Two Years After Freddie Gray: What’s Changed?

290
Freddie Gray protest at the Baltimore Police Department Western District building at N. Mount St. and Riggs Ave. Photo credit: Veggies, Wikimedia Commons

It has been more than two years since the death of Freddie Gray in Baltimore, Maryland, sparked protest and rebellions that were seen around the world. I remembered being in Baltimore City, taking photos and sending them to my Facebook page, providing first-hand accounts of what was taking place. The anger, the frustration, the pain was all captured by the media from around the world.

The quote most often attributed to Dr. Martin Luther King, Jr., during the rebellion was, “A riot is the language of the unheard.” It was often cited, although few cited it in context. What Dr. King actually told the late CBS newscaster Mike Wallace in 1966 was:

“But it is not enough for me to stand before you tonight to condemn riots. It would be morally irresponsible for me to do that without, at the same time, condemning the contingent, intolerable conditions that exist in our society.”

“These conditions are the things that cause individuals to feel they have no other alternative than to engage in violent rebellions to get attention. And I must say tonight that a riot is the language of the unheard. And what is it that America has failed to hear?…It has failed to hear that the promises of freedom and justice have not been met.”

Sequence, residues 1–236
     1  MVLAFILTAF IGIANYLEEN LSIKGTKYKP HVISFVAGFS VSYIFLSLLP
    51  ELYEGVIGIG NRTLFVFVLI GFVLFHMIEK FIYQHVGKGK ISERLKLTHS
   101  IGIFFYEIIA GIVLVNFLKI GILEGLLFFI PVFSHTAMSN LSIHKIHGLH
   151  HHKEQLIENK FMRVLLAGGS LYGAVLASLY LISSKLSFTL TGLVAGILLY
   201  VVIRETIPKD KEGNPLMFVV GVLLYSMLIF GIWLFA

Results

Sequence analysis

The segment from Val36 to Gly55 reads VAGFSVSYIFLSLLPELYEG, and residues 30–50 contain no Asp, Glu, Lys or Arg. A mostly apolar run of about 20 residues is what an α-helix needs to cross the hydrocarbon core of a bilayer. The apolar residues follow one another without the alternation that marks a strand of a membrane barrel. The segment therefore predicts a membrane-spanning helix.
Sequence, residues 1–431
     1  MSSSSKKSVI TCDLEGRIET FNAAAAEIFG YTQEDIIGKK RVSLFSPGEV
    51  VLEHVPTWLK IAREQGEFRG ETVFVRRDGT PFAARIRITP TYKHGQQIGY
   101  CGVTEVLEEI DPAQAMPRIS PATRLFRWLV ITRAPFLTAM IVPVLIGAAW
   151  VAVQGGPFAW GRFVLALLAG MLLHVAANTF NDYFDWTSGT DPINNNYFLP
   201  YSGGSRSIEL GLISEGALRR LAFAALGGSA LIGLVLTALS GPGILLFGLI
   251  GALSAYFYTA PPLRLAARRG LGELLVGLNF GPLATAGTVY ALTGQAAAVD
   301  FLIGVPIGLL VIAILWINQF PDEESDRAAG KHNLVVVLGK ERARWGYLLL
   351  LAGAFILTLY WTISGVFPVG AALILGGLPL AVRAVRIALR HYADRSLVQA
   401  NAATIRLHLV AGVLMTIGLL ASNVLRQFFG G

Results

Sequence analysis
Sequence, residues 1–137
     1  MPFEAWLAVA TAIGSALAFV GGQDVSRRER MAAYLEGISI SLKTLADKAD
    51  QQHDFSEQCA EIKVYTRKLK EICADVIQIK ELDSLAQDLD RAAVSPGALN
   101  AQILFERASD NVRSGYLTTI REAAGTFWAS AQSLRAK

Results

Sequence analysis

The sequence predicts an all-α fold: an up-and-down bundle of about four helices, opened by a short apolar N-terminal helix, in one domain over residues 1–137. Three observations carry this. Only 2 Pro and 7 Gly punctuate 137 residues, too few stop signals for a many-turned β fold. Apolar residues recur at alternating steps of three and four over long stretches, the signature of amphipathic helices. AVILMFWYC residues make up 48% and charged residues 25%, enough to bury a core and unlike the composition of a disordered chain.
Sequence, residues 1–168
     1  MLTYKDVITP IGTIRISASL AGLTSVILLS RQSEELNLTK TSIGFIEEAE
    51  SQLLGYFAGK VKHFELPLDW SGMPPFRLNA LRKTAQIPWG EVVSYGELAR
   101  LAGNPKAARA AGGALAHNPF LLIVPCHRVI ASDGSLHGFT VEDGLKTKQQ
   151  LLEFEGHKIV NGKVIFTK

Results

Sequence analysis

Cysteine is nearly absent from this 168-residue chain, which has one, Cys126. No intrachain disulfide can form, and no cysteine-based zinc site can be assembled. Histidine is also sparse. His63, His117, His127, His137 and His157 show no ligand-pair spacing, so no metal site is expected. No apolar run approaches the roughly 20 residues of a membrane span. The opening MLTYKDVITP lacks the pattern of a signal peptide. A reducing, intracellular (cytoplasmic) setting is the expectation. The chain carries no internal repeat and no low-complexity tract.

That night, in the streets of Baltimore, demonstrators, black, white and Latino, were all shouting “No Justice, No Peace.” We all witnessed the massive police presence, later coupled with the National Guard. A “War Room” was created. Drones were dispensed. Tensions were at an all-time high. The media, to its credit, provided us with the data about the “conditions.”

Almost in unison, preachers and politicians were on the same accord: “We must get things back to normal,” they said to all of the television stations that recorded their every word.

Slowly, but surely, Baltimore City returned back to “normal.” Two years later, you see and feel the “normalcy.” In the area known as Sandtown-Winchester, the unemployment rate is 22 percent. Forty-six percent of the children are living below the poverty level. Normalcy also requires amnesia. The last major disturbance in Baltimore City was not in 1968, but in 1979, when Baltimore broke into riots and looting during a terrible snow storm. Forgetting that the United States Justice Department’s critique and searing analysis of the “conditions” that exist in Baltimore City require major and expensive changes.

Normalcy also requires amnesia. The last major disturbance in Baltimore City was not in 1968, but in 1979, when Baltimore broke into riots and looting during a terrible snow storm. Normalcy requires ignoring that the United States Justice Department’s searing analysis of the “conditions” that exist in Baltimore said that the City requires major and expensive changes.

In interview after interview, the “voiceless” expressed the need for jobs. Mothers wanted an end to the street violence in the city. People were looking for hope and a new tomorrow. A young man on Division Street in Baltimore City, who was being interviewed by a television station, said, “Ain’t nothing going to change. When the television cameras leave, we are going to be in the same situation.” Little did the young cynic know that change was coming, almost 100 days ago: a perfidious man named Donald J. Trump was elected president of the United States of America.

Information is power. Justice is indivisible. Truth is revealing. Keep the faith. Keep Hope Alive.

A Luta Continua!

Carl Snowden is a political and civil rights leader in Annapolis.

Comments? Please see this post on our Facebook Page.